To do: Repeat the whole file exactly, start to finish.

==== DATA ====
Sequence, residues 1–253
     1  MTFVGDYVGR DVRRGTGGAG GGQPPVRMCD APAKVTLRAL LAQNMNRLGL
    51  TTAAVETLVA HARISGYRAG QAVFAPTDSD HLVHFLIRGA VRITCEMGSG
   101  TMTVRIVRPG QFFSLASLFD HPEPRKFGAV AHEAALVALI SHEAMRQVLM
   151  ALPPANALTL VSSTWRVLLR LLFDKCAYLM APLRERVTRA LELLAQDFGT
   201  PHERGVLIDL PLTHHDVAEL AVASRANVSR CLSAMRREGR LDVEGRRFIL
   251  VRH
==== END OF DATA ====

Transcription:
Sequence, residues 1–253
     1  MTFVGDYVGR DVRRGTGGAG GGQPPVRMCD APAKVTLRAL LAQNMNRLGL
    51  TTAAVETLVA HARISGYRAG QAVFAPTDSD HLVHFLIRGA VRITCEMGSG
   101  TMTVRIVRPG QFFSLASLFD HPEPRKFGAV AHEAALVALI SHEAMRQVLM
   151  ALPPANALTL VSSTWRVLLR LLFDKCAYLM APLRERVTRA LELLAQDFGT
   201  PHERGVLIDL PLTHHDVAEL AVASRANVSR CLSAMRREGR LDVEGRRFIL
   251  VRH